The Half-Astrophysicist Blog

GLOBE at Night 2010

It’s that time of year again…time for our annual campaign to measure the levels of light pollution in our night skies.  This year’s GLOBE at Night campaign runs from March 3rd to the 16th.  It is very easy to participate and contribute to our world wide map of light pollution.

All you have to do is go outside after it gets dark and find the constellation of Orion.  Look closely at what you see in the sky and compare it to the magnitude charts.  Here is what they look like.

You simply look at the sky and compare it to the charts.  Pick the one that looks closest to what you see in the sky and you have your data point.  You might notice that magnitude 7 has a lot of stars and magnitude 1 has very few.  In astronomy, higher numbers mean dimmer stars (it’s a long story).

You will also need to know your latitude and longitude.  If you have a GPS system, great (many cell phone GPS systems will tell you your latitude and longitude).  If not, no big deal…all you need is your address and you can find your latitude and longitude using sites such as iTouchmap.  You can then use the form to report your measurements online.  You can then use the mapviewer to see your data and data from around the world.

It’s pretty easy.  We are looking for lots of data.  Last year, there were over 15,000 reports from around the world and we would love to top that this year.  You can make more than one observation.  You can make them from home, the grocery store, a park, the movie theater, pretty much anywhere you go at night and it just takes a couple of minutes.  I try to go for several bike rides during GLOBE at Night. I have a Garmin Forerunner GPS on my wrist and record all my data using the voice recorder on my iPod.  I go out several nights and bike a different direction each time, getting a dozen or so measurements each night.  I live near the edge of Tucson, so I get very different results if I bike west (into Tucson) versus east (toward Saguaro National Park).  That is exactly what we would like.  Lots of data in different cities…from the densely populated and brightly lit downtown to the suburbs as they give way to the countryside.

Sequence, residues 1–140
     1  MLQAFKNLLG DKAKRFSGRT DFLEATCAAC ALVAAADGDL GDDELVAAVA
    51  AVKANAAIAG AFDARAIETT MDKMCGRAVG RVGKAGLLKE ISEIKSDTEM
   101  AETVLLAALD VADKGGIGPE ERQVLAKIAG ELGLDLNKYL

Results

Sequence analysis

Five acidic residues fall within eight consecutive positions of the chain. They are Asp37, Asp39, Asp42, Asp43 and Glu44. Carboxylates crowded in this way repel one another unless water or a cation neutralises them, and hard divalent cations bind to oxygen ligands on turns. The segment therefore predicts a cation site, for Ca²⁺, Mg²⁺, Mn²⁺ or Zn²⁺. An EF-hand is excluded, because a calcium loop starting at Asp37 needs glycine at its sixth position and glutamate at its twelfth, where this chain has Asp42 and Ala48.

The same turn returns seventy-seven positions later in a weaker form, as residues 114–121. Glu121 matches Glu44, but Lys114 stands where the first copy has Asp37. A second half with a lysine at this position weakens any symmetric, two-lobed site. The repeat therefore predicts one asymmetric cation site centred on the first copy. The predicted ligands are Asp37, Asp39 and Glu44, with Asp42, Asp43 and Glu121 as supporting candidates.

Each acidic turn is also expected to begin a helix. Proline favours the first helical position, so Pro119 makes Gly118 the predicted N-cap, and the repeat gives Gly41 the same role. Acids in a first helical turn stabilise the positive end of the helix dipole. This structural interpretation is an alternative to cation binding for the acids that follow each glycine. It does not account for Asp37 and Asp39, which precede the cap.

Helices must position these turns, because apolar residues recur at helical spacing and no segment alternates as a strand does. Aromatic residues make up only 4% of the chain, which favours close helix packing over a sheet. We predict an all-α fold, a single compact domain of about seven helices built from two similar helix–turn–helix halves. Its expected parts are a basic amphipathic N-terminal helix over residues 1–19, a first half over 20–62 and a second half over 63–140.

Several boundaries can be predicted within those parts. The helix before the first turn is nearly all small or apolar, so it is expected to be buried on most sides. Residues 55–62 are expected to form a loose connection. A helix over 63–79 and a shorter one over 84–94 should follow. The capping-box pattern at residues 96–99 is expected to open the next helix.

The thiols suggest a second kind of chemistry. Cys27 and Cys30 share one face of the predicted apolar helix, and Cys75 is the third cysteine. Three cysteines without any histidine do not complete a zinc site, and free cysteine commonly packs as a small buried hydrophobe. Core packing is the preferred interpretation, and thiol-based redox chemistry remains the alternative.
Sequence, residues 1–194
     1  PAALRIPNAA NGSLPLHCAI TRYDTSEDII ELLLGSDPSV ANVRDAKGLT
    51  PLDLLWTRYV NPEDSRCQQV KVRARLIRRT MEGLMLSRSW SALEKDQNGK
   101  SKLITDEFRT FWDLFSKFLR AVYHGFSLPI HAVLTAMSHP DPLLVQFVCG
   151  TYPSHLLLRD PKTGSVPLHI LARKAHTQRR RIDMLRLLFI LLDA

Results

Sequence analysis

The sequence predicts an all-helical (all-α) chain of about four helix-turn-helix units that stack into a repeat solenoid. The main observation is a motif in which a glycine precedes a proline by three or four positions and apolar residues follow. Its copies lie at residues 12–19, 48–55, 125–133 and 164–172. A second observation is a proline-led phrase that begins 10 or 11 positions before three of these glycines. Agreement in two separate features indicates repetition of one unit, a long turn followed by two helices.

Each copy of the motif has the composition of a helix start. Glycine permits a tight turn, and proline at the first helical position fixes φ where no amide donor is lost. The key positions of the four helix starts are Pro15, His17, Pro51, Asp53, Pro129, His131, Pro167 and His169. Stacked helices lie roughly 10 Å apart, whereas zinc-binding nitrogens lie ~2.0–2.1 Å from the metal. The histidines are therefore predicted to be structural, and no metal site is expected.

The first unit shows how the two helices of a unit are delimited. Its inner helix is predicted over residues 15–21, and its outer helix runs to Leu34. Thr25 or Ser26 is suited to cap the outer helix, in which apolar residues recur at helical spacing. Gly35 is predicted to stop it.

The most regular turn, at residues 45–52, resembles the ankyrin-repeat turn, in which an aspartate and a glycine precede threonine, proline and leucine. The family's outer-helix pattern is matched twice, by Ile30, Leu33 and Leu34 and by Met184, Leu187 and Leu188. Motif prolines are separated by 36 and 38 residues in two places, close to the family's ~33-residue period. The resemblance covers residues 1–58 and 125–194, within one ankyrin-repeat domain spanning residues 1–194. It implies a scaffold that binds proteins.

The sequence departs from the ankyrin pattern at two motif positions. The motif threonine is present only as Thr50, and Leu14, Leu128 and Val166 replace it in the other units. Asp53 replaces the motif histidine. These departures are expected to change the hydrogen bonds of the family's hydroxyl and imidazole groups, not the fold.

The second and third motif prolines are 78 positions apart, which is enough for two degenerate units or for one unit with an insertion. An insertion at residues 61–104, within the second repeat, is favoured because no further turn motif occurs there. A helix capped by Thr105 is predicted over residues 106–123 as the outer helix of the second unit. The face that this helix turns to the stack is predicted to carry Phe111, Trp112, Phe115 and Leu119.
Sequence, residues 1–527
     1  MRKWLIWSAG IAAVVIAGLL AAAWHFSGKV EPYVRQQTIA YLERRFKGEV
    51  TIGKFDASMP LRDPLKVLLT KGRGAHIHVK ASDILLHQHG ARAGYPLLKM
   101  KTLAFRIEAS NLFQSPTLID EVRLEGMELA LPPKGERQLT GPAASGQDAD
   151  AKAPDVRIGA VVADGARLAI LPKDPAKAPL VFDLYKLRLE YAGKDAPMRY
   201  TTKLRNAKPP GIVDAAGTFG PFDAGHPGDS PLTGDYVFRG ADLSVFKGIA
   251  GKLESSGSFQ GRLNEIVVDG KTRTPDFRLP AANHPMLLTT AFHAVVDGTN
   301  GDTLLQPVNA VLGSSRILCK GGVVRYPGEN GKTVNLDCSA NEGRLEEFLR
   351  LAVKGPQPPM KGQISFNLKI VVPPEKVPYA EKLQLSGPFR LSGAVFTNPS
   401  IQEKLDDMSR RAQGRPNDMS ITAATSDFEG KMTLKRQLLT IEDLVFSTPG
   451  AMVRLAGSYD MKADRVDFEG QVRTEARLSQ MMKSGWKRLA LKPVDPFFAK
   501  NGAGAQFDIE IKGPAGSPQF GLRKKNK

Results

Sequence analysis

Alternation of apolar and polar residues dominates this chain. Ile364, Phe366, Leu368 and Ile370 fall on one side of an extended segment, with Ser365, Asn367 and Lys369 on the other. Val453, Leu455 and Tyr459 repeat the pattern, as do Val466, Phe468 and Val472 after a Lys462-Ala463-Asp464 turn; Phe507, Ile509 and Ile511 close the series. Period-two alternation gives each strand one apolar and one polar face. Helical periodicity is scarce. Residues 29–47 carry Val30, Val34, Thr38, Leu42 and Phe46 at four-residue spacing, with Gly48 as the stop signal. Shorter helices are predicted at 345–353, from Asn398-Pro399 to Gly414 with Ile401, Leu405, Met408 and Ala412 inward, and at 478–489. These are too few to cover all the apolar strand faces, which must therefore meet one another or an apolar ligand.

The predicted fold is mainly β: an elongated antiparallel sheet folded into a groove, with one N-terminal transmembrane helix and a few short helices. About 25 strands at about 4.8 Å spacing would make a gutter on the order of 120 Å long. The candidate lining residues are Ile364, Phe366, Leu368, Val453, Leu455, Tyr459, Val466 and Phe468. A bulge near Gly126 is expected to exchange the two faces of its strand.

So why should you care?  Well, we are losing out night skies.  Many people have never seen a truly dark sky or if they have, it is a childhood memory.  Light pollution is wasted energy and hence money.  Light pollution has many negative effects on wildlife as well.

Still not enough for you?  How about your own health?  Last summer, the American Medical Association passed resolution 516, “Advocating and Support for Light Pollution Control Efforts and Glare Reduction for Both Public Safety and Energy Savings” identifying light pollution as a human health concern.  You can read the entire resolution here.  In part it says

“Whereas, Light trespass has been implicated in disruption of the human and animal circadian rhythm, and strongly suspected as an etiology of suppressed melatonin production, depressed immune systems, and increase in cancer rates such as breast cancers 16,17,18,19,20,21,22; and

Whereas, Light trespass disrupts nocturnal animal activity and results in diminished various animal populations’ survival and health 23; therefore be it of energy efficient designs to reduce waste of energy and production of greenhouse gasses that result from this wasted energy use (New HOD Policy); and be it further

RESOLVED, That our AMA support light pollution reduction efforts and glare reduction efforts at both the national and state levels (New HOD Policy); and be it further

RESOLVED, That our AMA support efforts to ensure all future streetlights be of a fully shielded design or similar non-glare design to improve the safety of our roadways for all, but especially vision impaired and older drivers. (New HOD Policy)”

Now of course the solution is not to turn off all lights…that would be silly.  Lights are needed at night for safety and security.  The solution is well designed lighting the directs light where you need it, when you need it, and in the correct amount.  Too much light can cause glare and make it more difficult to see which can be just as dangerous as not enough light.

So come on out and help us get our data and full up that map!


March 2, 2010 - Posted by | citizen science, Dark Skies, Environment

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